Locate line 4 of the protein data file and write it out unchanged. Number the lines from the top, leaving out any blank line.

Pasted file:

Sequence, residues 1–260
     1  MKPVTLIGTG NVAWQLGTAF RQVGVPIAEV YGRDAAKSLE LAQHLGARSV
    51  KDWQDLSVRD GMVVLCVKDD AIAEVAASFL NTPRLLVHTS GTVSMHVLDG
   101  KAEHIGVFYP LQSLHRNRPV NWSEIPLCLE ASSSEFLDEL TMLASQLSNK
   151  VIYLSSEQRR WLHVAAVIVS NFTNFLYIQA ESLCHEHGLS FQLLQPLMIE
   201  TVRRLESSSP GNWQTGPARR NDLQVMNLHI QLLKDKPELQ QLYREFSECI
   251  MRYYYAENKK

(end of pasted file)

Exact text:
   101  KAEHIGVFYP LQSLHRNRPV NWSEIPLCLE ASSSEFLDEL TMLASQLSNK